Anonymous | 7/23/2009 - 8:01pm
Michael,
Very fine commentary. Despite the mantra of "common ground" with the pro-life community, the Democrats and the White House are pursuing a strong pro-abortion agenda. Witness the repeal of the Mexico City policy, the Secretary of State pushing abortion as a universal right for women in international fora, and now the support for federal dollars to get insurance for abortion. All of this despite the majority of the American people being pro-life. Although Gibbs may be a comparative youngster, his comment of leaving it "to medical experts" shows the ethical incoherence of folks who make policy based solely on political calculations. Pro-lifers have a lot of work to.
Anonymous | 7/23/2009 - 7:50pm
Crystal:
I appreciate that many who support Planned Parenthood are more concerned for women's health than profiting from abortion.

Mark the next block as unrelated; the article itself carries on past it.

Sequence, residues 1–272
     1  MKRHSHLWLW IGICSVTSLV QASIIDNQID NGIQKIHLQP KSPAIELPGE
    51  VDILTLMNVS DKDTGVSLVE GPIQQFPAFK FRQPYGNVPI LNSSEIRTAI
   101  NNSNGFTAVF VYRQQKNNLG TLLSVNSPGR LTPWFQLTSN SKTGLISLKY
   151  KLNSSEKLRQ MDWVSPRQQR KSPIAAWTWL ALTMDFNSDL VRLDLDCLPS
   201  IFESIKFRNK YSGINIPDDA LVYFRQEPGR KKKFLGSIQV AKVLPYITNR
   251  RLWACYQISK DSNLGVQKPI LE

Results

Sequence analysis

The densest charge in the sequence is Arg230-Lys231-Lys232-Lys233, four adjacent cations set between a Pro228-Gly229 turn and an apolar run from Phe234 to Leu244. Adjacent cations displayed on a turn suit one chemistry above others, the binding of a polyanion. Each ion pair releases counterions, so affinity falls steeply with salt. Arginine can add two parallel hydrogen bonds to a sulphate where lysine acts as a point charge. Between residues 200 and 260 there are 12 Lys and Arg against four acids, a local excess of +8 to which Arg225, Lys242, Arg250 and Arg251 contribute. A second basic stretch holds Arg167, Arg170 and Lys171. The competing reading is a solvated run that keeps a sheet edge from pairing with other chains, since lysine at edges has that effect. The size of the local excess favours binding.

That said, let me add that I have yet to receive any follow up or procedural information from any of my patients (I'm a general pediatrician) who chose to have an abortion through PP.  In contrast, the man who directs the local Women for Women clinic in town routinely sends a letter informing me, the primary care physician, that one of my patients had an abortion, what follow up was provided, and what I may need to know about the patient's condition. (This is usually the first indication that my patient, whom I likely counseled, chose to have an abortion.) This at least acknowledges that I am the patient's primary care provider, bound by confidentiality not to share patient-specific information with others, but nonetheless needing to know what has happened to my patient in order to properly care for her.